Epson’s Perfection 4990 PRO; Is This An Uncompromised Do-Everything Scanner? Page 2

Of course, the one most compromised kind of scanning, and the greatest challenge to a letter-sized flat-bed, is 35mm film. With the previous 4870 model a considerable achievement was made with the introduction of an optical resolution of 4800dpi. That remains the same with the 4990, but the improvements in the process that were incorporated by extending the film scanning area and using a new, tube-type moving cold cathode light source has resulted in scans that include the reproduction of finer detail, and the improvement in the dynamic range. This has improved slide scanning by capturing a greater range of film image densities. In addition, either scanning a color negative or an E-6 slide, Digital ICE did a thorough job of cleaning any dirt or defects. I found nearly every one of my scans of 35mm images could go directly to a print on 13x19 paper with print values and image qualities that held together very respectably.

I also did not neglect my main reason for having a film scanning flat-bed in the past (not willing to afford a pricey, dedicated large film scanner)--to scan 120 and 4x5 film. And because I'd already obtained very fine results at both ends of the size range, 8x10 and 35mm, I expected the results to be good. And they were, particularly scanning black and white silver-based film. I got a crisper sharpness and smoothness of tones with no exaggerated graininess that I've not seen before from a flat-bed. However, I must admit I still prefer to scan black and white silver film as a 48-bit raw positive and then correct and invert in stages in Photoshop rather than using either scan drivers' software to invert and adjust the image values.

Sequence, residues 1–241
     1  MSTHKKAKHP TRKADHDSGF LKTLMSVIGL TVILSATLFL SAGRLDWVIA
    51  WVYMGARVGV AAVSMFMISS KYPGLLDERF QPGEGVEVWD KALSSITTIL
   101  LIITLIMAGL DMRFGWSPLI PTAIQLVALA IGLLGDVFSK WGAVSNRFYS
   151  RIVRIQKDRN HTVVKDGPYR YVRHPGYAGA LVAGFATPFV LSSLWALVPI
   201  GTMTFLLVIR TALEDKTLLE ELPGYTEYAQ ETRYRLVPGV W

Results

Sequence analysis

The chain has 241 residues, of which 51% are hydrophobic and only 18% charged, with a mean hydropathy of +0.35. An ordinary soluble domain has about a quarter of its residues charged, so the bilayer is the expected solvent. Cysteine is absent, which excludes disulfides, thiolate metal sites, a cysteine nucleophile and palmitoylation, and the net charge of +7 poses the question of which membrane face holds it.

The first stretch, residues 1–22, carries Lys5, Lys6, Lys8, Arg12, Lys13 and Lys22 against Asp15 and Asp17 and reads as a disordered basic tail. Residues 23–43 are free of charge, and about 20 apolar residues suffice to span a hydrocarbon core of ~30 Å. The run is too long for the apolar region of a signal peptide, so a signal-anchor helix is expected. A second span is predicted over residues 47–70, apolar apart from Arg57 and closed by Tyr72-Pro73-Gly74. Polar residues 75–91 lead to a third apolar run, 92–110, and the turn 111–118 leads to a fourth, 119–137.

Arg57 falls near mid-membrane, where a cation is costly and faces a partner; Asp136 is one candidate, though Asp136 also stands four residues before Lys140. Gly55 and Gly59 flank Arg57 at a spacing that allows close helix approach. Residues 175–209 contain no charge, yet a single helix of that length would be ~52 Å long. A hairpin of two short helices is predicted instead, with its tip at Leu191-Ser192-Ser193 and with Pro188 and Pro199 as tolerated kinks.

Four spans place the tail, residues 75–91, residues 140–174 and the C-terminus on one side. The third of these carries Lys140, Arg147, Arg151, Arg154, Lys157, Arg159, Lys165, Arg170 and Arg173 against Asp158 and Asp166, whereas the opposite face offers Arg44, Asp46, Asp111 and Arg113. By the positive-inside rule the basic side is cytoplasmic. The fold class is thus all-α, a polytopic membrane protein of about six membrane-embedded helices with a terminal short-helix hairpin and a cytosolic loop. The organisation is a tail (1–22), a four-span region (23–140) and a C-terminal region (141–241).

(Left): If 35mm slide scanning produces good results with the Epson Perfection 4990 PRO, then medium format should really sing. And now, with the 4990's greater dynamic range I was able to reproduce all of the tones precisely in a full-range shot of these falls on Mount Rainier. The detail and sharpness of the scan captured everything in the transparency, with accurately adjusted colors and good subject fidelity.
(Right): Black and white silver-based film negatives have always been an unusual scanning problem. The density range is relatively low so a lot of ramping is needed to spread the values across the available gamut, as the scan only fills a small part of the sensor's range. To control this process of both inverting from a negative and adjusting the image values to a linear progression, I still favor scanning at high-bit to a raw positive file and then making the inversion and corrections in Photoshop. The result of this workflow from scans with the Epson Perfection 4990 PRO are just about the best image files I have produced.